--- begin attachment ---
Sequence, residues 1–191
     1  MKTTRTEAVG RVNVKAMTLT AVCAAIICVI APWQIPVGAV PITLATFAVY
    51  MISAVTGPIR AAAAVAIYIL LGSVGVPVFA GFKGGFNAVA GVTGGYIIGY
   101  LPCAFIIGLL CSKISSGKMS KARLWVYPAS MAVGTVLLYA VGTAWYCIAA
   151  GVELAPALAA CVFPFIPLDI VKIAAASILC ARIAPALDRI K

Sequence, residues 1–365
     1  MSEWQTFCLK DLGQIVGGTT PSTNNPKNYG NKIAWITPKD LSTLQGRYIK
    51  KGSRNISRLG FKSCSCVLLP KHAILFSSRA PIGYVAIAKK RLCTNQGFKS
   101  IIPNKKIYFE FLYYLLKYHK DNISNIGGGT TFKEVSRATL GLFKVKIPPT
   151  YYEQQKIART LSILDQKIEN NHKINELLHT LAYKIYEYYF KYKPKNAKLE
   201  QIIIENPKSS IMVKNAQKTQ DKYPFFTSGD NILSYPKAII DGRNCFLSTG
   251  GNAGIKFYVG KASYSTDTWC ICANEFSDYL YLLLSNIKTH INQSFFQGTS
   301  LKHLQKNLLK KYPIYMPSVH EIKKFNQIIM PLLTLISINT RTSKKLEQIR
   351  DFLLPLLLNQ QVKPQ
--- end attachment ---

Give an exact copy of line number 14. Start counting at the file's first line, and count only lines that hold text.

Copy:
   351  DFLLPLLLNQ QVKPQ